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  • Open Access

The dual (activating/suppressive) effect of extracellular TatHIV-1 is driven by the infalmmatory microenvironment of infected lymphoid foci

  • 1, 2, 3,
  • 1, 2, 3,
  • 1, 2, 3,
  • 4 and
  • 5Email author
Retrovirology20129 (Suppl 1) :P35

https://doi.org/10.1186/1742-4690-9-S1-P35

  • Published:

Keywords

  • Viral Infection
  • Immune Cell
  • Cell Activation
  • Late Stage
  • Viral Replication

It has been shown that HIV-1 infects activated but not resting CD4+ T cells [1] and that CPE induced by viral replication together with the immunosuppressive effect triggered by extracellular Tat protein [2] account for the decrease of CD4+ T cell count in infected patients. In lymphoid foci, dependent on the level of viral infection, the stromal microenvironment surrounding immune cells could include, together with extracellular Tat [3] and circulating antiviral IFN-α, inflammatory innate factors such as ATP and derivatives released by CPE-derived dead cells.

We show that, according to its concentration and the presence of inflammatory factors (IFN-α, ATP and ATP-derivatives), Tat protein may exert either an activation with enhanced production of IL2 or an immune suppression of stimulated CD4+ T cells subpopulations.

The double-edged sword of Tat activity on CD4+ T cells could account for its immunopathogenic effects both at the early stage of infection (by allowing CD4+ T cells activation and viral replication) and at late stages (by inducing immuosuppression, source of opportunistic infections). Indications for targeting Tat protein by therapeutic vaccines in subgroups of HIV-1 infected patients will be discussed.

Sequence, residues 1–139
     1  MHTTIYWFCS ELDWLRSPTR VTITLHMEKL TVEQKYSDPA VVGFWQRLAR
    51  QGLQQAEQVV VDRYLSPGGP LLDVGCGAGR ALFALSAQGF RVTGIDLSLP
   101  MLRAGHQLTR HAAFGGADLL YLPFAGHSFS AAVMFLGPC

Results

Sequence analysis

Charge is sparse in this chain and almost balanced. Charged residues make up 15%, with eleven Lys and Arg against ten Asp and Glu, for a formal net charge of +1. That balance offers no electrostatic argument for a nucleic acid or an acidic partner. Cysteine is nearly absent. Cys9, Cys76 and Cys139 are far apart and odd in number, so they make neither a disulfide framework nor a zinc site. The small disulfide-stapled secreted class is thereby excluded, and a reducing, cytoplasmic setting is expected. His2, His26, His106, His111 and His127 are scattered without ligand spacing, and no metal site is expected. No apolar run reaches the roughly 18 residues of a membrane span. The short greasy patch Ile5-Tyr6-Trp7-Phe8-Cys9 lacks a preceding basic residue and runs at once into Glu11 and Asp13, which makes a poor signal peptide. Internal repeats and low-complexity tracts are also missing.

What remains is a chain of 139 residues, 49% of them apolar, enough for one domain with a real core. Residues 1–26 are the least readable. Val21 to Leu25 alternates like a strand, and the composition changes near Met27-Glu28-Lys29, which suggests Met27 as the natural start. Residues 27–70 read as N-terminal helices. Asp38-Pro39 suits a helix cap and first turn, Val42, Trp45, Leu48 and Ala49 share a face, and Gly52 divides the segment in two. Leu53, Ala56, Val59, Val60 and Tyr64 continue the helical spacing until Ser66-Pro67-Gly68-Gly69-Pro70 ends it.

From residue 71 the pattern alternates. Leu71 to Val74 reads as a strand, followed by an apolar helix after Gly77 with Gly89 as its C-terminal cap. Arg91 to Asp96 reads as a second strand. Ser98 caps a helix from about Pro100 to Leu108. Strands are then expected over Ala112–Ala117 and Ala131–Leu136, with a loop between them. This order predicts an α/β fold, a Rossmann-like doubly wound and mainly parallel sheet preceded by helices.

Authors’ Affiliations

(1)
INSERM U976, F-75475 Paris, France
(2)
Sorbonne Paris Cité, Laboratory of Immunology, Dermatology & Oncology, UMR-S 976, Université Paris Diderot, F-75475 Paris, France
(3)
Service de dermatologie, Hopital Saint Louis, F-75010 Paris, France
(4)
Institute of Human Virology, University of Maryland Baltimore, Maryland, USA
(5)
Neovacs SA, Paris, France

References

  1. Zagury D, et al: Long-term cultures of HTLV-III--infected T cells: a model of cytopathology of T-cell depletion in AIDS. Science. 1986, 231 (4740): 85View ArticleGoogle Scholar
  2. Viscidi RP, et al: Inhibition of antigen-induced lymphocyte proliferation by Tat protein from HIV- Science. 1989, 246 (4937): 1606Google Scholar
  3. Ensoli B, et al: Release, uptake, and effects of extracellular human immunodeficiency virus type 1 Tat protein on cell growth and viral transactivation. J Virol. 1993, 67 (1): 277PubMed CentralPubMedGoogle Scholar

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